I refer to Amanda Fucking Palmer and Veronica Mars. Amanda's a singer and Veronica is a fictional detective, but between them they're composing the future of media in huge, sweeping brush strokes.
In Amanda's recent TED talk, 'The Art of Asking', she mentions that her older album sold 25,000 copies, and to the record label that was a failure. It wasn't big enough to be a success and that, frankly, is mind boggling to me. Selling 25,000 albums sounds like a success but to the record company it just wasn't.
Right after that she talked to a fan who gave her ten bucks for a copy he actually burned from a friend. He felt bad and wanted to pay her for it anyway. He didn't have to do it, he didn't have to say anything at all, but he wanted to and that changed everything.
Amanda became the hat in the 'pass the hat' concept. People gave her money for her music. She encourages torrenting, downloading, sharing, but she asks for help because hey, it does cost money and she's gotta eat, pay her band, and stay tricked out in those fabulous punk cabaret costumes.
She freed herself from the bonds of the short-sighted record company and threw herself into the crowd, trusting that they would catch her. Her next album, 'Theatre is Evil', would be funded solely by the fans on kickstarter. It was a historic occasion, would they break her fall or would she crash to the ground?
Her goal was 100,000 dollars and her fans (and I'm one of them) backed her to 1.2 million.
She says that asking makes people nervous and artists don't want to ask for things and that's so true. I'm on the sponsorship committee on my derby team and so it's my job to go out and ask for donations. Support my team. Please. It's hard. It really is. I don't even have soul scorching music to show for it.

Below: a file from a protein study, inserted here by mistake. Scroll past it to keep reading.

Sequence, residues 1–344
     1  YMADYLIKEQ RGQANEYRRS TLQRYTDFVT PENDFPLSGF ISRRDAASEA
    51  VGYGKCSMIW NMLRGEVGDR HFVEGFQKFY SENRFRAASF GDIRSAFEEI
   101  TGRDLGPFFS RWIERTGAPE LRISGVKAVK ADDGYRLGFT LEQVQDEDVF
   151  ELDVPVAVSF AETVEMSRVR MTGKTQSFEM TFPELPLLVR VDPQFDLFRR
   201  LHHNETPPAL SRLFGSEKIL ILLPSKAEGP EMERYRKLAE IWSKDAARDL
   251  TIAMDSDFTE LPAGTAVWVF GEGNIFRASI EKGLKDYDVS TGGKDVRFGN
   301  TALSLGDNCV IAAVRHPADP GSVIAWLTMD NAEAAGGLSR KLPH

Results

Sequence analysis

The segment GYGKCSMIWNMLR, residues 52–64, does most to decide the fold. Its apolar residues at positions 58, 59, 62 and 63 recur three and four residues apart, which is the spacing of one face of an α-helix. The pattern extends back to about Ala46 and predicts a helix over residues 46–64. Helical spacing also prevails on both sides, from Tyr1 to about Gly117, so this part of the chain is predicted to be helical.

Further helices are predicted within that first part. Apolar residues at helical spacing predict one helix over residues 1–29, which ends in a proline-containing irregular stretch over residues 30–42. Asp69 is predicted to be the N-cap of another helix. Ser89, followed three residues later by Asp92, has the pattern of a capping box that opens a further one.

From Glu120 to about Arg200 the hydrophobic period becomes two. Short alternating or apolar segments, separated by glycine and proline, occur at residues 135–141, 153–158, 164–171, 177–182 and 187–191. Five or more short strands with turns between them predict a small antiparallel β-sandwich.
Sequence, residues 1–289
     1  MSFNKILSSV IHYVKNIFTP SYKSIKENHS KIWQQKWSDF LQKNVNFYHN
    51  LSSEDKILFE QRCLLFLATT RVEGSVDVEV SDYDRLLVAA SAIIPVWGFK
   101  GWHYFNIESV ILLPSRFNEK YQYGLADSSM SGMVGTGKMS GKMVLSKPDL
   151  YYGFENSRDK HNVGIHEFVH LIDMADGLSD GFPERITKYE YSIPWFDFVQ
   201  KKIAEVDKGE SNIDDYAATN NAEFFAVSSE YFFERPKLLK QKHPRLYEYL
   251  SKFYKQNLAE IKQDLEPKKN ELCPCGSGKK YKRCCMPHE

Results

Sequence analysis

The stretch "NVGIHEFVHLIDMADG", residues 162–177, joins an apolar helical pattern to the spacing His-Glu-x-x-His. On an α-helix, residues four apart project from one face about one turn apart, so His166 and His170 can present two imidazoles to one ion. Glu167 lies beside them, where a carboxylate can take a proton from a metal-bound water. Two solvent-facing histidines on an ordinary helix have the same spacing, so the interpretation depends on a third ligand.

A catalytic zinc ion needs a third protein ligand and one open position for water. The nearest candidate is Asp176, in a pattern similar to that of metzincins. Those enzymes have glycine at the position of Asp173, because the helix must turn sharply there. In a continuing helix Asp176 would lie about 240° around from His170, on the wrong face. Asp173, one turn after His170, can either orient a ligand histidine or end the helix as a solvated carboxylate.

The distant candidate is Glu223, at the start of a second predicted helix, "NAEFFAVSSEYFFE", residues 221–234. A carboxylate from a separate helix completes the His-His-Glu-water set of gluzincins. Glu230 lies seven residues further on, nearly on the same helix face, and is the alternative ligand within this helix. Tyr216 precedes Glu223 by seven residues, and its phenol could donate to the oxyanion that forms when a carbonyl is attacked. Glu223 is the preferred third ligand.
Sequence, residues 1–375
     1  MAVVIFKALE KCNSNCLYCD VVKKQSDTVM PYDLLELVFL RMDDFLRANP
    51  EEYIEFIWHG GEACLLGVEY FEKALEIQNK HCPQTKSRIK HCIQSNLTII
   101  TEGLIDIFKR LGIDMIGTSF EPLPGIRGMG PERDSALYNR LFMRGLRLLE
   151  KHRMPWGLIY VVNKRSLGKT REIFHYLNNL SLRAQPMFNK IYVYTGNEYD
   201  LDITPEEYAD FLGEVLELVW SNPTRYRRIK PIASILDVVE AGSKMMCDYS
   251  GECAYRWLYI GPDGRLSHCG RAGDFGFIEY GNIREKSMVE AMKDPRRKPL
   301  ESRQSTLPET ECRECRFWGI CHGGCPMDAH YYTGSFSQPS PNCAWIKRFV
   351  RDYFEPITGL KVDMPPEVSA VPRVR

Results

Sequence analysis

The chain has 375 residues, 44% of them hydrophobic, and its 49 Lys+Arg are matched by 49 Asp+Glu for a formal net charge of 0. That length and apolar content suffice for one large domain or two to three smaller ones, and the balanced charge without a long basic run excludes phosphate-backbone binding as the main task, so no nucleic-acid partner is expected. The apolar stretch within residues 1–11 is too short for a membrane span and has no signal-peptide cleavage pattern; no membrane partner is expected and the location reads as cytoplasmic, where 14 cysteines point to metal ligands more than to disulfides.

Skip ahead a few months.
I watched and adored Veronica Mars as a teenager. Veronica was clever, a modern Nancy Drew and she solved her own problems. But like most clever shows, it got shoe-horned into the category of niche show, one of those cult favorites only the weirdos enjoy and when it was canceled the usual batch of useless petitions went around to save the show in some fashion, and like always, the petitions failed.
Ten years later the show's creator, Rob Thomas, managed to secure permission from Warner Bros. to make a movie. I would've loved to be in the room for that. How did the discussion go? Exactly what words got that result? I'd dearly love to know.
I'm sure you've heard the results.
Veronica Mars made their goal of 2 million dollars in 12 hours. You know why? Because instead of executives looking at demographics or accountant pondering if there was a market, they just asked the fans. They said, "Do you want this to be a thing? Will you put your money where your mouth is?"
A veritable horde of fans raced each other to kickstarter to give their five bucks, ten bucks, fifty bucks- as of right now 1859 of them gave 200 dollars each because they wanted this movie to happen. More than 50,000 people have given 3.3 million dollars in a day and a half. Roll that number around in your mind.
Every so often I go on a rant about region locked content and the occasional difficulty I've had actually, legally, paying for tv shows I like because they haven't got (and might never have) a region 1 release. I know I can watch it on youtube for free. I am not unfamiliar with this concept. I don't want to. I want to pay for it so the people that make the stuff I like get paid and can make more of it.
I'm taking the long view here. I know my pithy contribution to the coffers doesn't actually matter, but when a bunch of people band together to do something, it matters. 'Theatre is Evil' happened and I helped make it happen. It would have happened without me, but it didn't. I helped. I get a warm fuzzy feeling every time I think of that.
So take my money. Do what Amanda says. Ask for help. Don't ask how you can stop piracy (you can't) or get people to pay for this, just ask them to help. Repeat after me.
"Do you want this to be a thing? Will you put your money where your mouth is?"
They'll do it, or they won't. Give the fans the chance to show their love and fund stuff.